Why Government Incentives Help Foster Green Innovation, Curb Emissions

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Finalizing Paris Agreement 2015 | COP Paris | Flickr

In a context where divergent incentives, such as subsidies for fossil fuels, lack of incentives to build energy-efficient buildings or curb pollution, are still the standard, a study shows that fiscal measures and regulatory measures could significantly reduce carbon emissions and help governments meet the objectives of the UNFCCC Paris Agreement.

The Paris Agreement, enacted November 4th, 2016, defines a global plan of action to mitigate the effects of climate change. Among the key points of the agreement, ratified by 132 parties, is to guide current policies towards the goal of carbon neutrality by the end of the century.

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While governments should act quickly to allocate resources for reducing carbon emissions, the world economy remains dependent on fossil fuels. As a result, policies to break this dependency and reorient investment and technologies are needed urgently.

Fiscal Policies to Spark Green Innovation

Published in the journal Climate Policy, research by Camila Gramkow of the University of East Anglia and co-authored by Annela Anger-Kraavi of the University of Cambridge studied the green energy tax and incentives landscape, based on the Brazilian model.

By examining Brazil’s green policies, such as green taxes and innovation incentives, researchers have found that despite the increasing number of measures introduced in the country in recent years, the use of these incentives is still in an early stage. Of the more than 100,000 companies in 24 industries surveyed, less than 14% have adopted environment-friendlier technologies.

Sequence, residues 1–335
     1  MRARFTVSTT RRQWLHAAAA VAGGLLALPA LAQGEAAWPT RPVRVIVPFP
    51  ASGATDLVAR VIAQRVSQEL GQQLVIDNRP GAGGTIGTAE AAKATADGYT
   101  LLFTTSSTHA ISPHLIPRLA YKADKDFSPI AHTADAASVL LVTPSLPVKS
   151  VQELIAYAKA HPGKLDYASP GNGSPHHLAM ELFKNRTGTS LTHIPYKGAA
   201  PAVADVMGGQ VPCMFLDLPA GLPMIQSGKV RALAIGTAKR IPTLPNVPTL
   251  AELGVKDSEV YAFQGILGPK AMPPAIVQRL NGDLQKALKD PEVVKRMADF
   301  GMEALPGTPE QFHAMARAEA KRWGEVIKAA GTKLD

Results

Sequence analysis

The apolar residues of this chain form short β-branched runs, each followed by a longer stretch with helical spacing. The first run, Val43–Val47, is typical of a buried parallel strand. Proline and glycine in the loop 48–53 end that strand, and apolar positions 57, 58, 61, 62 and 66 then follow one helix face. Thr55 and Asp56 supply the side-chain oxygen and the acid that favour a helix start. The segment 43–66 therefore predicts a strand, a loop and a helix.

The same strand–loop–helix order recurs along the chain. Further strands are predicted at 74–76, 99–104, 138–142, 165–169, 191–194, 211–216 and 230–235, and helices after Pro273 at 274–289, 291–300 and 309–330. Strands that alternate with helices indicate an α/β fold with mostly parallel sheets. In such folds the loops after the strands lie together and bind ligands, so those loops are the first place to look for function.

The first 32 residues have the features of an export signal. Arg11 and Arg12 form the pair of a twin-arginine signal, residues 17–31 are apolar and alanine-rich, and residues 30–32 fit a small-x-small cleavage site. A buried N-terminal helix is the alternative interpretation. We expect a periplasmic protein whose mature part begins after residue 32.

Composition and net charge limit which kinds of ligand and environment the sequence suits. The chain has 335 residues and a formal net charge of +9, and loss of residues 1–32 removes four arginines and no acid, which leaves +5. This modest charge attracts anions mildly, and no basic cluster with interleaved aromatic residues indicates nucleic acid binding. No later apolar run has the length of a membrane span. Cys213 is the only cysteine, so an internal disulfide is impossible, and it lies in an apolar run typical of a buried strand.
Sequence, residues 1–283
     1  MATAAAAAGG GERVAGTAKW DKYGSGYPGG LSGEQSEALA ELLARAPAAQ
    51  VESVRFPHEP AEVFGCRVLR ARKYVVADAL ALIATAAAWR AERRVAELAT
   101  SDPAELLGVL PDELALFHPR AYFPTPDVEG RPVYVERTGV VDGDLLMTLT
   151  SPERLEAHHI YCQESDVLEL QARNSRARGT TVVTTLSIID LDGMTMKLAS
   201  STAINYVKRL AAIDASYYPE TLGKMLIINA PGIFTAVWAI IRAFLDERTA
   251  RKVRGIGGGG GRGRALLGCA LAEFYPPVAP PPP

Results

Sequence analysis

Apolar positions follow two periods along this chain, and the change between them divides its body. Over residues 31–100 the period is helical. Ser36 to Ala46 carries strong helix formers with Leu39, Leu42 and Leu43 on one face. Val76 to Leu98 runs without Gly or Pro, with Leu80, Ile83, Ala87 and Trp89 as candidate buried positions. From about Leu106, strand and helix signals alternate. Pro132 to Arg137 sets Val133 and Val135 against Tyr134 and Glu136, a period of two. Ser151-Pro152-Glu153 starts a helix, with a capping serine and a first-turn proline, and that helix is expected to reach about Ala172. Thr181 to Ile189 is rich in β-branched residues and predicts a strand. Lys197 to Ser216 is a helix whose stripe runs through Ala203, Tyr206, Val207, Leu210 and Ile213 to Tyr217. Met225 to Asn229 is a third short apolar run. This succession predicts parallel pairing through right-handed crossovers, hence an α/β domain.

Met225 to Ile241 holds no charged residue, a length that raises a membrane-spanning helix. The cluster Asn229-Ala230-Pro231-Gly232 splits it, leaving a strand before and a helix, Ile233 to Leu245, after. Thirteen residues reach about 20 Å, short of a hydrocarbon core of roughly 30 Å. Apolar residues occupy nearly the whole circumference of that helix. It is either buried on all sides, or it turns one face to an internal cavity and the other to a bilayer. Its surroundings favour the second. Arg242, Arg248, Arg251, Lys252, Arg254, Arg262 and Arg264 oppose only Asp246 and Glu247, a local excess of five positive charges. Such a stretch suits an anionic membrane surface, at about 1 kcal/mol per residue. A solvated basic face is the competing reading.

Researchers noted that, unlike in industrialized countries, such as Germany and the United Kingdom, green tax policies (GFPs) in Brazil and other nearly-developed countries are yet to have palpable effects. But the study did find that the introduction of green tax incentives even at the local level generates a significant impact on green innovation.

Other than green projects, the study also showed that tax incentives for general technological innovation could increase the adoption of green technologies. Ten out of 17 companies benefiting from new research and development adopted green technologies.

Renewables: The gap Widens Between China and the US

Long known as the world’s cheap manufactory, China now wants to be the world’s lab and turn the old stigma of “Made in China” to “Designed in China.”

Decades of frenzied industrialization have left their marks on the quality of China’s water, soil, and air. Yet, Beijing launched plans to promote the development of renewable energies, increase their share in the energy mix, through incentive policies to boost green innovation, tax cuts, and massive investments.

With $103 billion USD in 2015, China invested more than the United States and Japan combined and now ranks as the world leader in domestic investment in renewable energies.

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